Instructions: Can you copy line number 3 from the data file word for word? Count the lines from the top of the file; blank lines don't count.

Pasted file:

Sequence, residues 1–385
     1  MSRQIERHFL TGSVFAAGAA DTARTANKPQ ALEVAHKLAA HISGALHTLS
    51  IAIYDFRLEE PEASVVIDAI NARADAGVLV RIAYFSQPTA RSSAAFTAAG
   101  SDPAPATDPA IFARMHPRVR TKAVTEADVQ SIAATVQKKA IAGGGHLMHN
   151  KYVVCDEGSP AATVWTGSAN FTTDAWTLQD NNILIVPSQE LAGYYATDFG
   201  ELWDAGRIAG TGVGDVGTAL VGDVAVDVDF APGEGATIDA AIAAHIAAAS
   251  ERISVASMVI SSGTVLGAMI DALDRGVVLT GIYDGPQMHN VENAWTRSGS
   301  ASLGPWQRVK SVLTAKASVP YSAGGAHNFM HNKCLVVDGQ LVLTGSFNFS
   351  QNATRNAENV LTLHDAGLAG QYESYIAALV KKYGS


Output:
    51  IAIYDFRLEE PEASVVIDAI NARADAGVLV RIAYFSQPTA RSSAAFTAAG